Better than a hybrid, get a recycled all-electric car

I was at the Issaquah Train Show today with my son and out in front of the event was an all-electric vehicle. I was standing around looking at electric train sets and had the pleasure of talking with volunteer Jeff Finn who was helping keep the trains moving around the track. It turns out that Jeff is the one that owns the all-electric car. I had a very enlightening conversation with him as I got to ask a lot of questions about ownership of such a vehicle.

Jeff started building his car in December of 2007 and completed it in March 2008. The vehicle was a 2000 Chevrolet Metro. He picked up the vehicle for $250 and told me that it barely ran when he bought it. He said if you’re looking to build an all-electric it’s best to find one where the engine has been blown as it’s going to be ripped out anyway. He said he invested about $8,000 in parts and another $5,000 in labor for a total project cost of $13,000.

The vehicle can go 50 miles on a full charge. The top speed is approximately 70 mph which is much faster than your neighborhood electric car. He said he wanted a vehicle that he could drive on the freeway. The vehicle is powered on 21 golf cart batteries (21deep cycle 6V lead acid batteries in series for 126V total). The batteries cost about $80 a piece.

I told him I was installing an electric car charging station at thinkspace and wanted to know how fast his electric car charged. He told me that it takes 4 hours @ 220V or 8 hours @ 110V. Since people are generally working all day, it would be simple to just put in a 110V outlet for the charging station. However, when running your own business inside thinkspace you might want to work smarter and get your work done in four hours so you can go spend more time with family and friends. The quick charger reminds me of my childhood when I had RC cars and couldn’t wait even 15 minutes to get a full charge so I could get playing again. Same thing here, only I’m no longer 13 years old.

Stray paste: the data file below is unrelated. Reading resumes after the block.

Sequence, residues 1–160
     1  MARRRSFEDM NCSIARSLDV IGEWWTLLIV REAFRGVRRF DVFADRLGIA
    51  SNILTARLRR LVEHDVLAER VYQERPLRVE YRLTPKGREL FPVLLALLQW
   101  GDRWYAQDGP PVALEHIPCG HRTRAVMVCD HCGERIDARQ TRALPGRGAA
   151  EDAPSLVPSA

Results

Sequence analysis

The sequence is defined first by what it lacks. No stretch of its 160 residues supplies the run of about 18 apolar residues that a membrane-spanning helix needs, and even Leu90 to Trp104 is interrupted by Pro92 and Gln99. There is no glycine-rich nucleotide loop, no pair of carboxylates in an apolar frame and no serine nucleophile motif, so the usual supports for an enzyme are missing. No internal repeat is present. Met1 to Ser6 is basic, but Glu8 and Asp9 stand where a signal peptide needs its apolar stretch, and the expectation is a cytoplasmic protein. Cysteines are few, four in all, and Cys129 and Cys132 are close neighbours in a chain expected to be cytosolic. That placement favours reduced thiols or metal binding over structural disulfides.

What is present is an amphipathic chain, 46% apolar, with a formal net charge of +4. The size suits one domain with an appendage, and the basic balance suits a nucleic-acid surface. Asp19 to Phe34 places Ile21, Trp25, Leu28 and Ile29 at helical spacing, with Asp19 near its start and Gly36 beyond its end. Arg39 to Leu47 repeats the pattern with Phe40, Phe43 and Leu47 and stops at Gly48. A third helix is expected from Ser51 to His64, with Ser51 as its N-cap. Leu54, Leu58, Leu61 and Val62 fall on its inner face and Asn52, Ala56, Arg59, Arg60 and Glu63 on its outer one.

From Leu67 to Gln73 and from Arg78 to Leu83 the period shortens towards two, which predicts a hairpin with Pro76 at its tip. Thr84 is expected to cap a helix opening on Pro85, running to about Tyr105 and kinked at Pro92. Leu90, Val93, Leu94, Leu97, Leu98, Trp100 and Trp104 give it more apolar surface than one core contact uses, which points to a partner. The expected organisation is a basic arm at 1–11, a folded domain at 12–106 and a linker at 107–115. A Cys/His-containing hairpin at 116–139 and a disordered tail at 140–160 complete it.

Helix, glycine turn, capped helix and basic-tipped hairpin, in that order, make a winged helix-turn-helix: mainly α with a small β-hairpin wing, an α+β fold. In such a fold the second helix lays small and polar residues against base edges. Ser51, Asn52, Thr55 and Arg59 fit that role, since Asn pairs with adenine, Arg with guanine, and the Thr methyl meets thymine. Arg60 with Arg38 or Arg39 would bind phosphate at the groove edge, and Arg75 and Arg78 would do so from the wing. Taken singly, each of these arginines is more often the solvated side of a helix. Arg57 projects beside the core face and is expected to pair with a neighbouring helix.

With fuel prices where they are today and only climbing higher I had to ask how much he spends on charging his electric car. He said it costs about $30 in electricity per month. So for roughly a $1 per day you can drive your car as you normally would. This of course, in a zero emission vehicle! Pretty much makes a hybrid look expensive and a traditional vehicle look ridiculously expensive to drive. I had a different conversation a week ago with my friend Mike who wants to build a house where he can get an electric car that is charged from Photovoltaic solar panels on his roof. Now, that is the ultimate in energy efficiency!

I have a deposit down for a Smart ForTwo car but on Monday I’m going to withdraw my deposit. The EPA rates the fuel economy at 36 mpg. I would have expected more from a small vehicle like that. I’m going to take a serious look at an all-electric car, perhaps, my friend Dane can help me build one!

For more information about Jeff’s all-electric car you can check out his Volt Runner website. He’s pimped his ride, so hopefully soon, he’ll post some photos of that on his website. He’s also a member of the Seattle Electric Vehicle Association (SEVA).

For those of you that are driving an all-electric car, I’d like to hear about what kind of maintenance is required for these kinds of vehicles.

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